Headlights on for safer driving
ROAD trauma survivor John Gale is asking drivers to turn on their lights while driving in the peak holiday season.
He prays his plea will begin a movement to save lives and lower the expected tragedy on NSW roads during the Christmas/New Year driving period.
“Turning on your headlights during daylight driving will help to raise road user consciousness and lower road accident frequency,” he urged.
“This is a small step in the overall scheme of things and one that costs nothing.
“It is easy and simple to do and can have great benefits for all.”
John had his own brush with becoming a fatal statistic when he was pulled out of a twisted wreck in November 2009 and continues to be appalled at the continuing carnage on the roads.
“While good road conditions are paramount, roads don’t kill people ... inappropriate driving does,” he maintains.
“A proven method to help lower the hideously high occurrence of accidents is to always drive with your headlights on.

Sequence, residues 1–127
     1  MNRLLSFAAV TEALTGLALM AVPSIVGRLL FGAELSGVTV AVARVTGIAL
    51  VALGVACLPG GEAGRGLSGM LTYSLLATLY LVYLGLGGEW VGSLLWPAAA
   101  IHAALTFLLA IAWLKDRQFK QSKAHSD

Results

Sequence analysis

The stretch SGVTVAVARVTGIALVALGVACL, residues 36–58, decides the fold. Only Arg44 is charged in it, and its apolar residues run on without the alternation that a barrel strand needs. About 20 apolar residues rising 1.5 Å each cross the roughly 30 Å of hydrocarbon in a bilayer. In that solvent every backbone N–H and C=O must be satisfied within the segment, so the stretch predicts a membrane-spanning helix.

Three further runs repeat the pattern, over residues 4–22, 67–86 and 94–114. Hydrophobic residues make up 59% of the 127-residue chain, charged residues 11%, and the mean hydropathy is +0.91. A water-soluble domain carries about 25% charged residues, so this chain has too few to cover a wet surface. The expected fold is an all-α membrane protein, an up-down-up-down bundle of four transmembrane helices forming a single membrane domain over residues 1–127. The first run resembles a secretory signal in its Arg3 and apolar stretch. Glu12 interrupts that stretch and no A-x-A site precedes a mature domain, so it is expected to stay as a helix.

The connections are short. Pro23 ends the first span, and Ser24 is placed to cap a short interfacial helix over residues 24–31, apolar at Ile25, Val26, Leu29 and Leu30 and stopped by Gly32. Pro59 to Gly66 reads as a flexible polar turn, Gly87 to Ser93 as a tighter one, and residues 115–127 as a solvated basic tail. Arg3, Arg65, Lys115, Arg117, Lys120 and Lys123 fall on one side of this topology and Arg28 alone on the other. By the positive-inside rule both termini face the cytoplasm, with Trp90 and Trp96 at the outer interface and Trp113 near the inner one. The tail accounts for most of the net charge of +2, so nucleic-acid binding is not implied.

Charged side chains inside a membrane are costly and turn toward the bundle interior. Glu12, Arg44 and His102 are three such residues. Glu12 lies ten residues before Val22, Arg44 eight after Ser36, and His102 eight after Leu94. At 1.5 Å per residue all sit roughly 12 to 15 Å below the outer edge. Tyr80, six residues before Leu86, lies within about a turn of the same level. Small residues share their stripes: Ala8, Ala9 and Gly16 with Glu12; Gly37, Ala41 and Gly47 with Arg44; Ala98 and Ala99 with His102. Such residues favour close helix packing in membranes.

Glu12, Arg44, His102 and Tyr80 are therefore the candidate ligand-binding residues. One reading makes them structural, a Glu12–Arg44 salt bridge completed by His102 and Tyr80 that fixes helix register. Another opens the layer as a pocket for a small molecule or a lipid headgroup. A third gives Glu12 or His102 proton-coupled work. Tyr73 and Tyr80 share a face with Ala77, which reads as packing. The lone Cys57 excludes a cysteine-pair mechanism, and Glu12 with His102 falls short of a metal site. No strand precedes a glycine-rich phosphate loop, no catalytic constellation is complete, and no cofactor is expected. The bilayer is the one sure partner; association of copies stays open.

“It’s simple – do a Google search if you need to – it’s in the literature – scientifically acknowledged – it works.
“Driving with headlights on will increase the visibility of your vehicle, will show other road users that you accept a level of responsibility and are willing to do something about it and that you encourage others to do the same.
“That is, to share and use the road with courtesy and according to the conditions, be they weather, road surface, other users, time of day, congestion, etc.”
A cursory calculation of the cost of John’s particular incident was more than $1 million dollars.
Two vehicles written off, five people seriously injured, five ambulances tied up with police, SES and RFS personnel in attendance, along with ICU and hospitalisation.
After blocking Waterfall Way for more than five hours, there were court cases, rehabilitation costs, insurance and compensation and the physical, emotional and mental trauma imposed upon five victims and their families for life.
“And who pays?” John asks.
“You pay ... everyone pays – by increased taxes, registrations, insurance, time and inconvenience.
“In the past, now or future, someone you know will be impacted upon by a car accident.
“Driving is probably the most dangerous thing you’ll do today so don’t pass the buck.
“Take responsibility and turn on your lights.
“Let’s reduce the disastrous road carnage that currently fills the news, hospital beds and cemeteries.”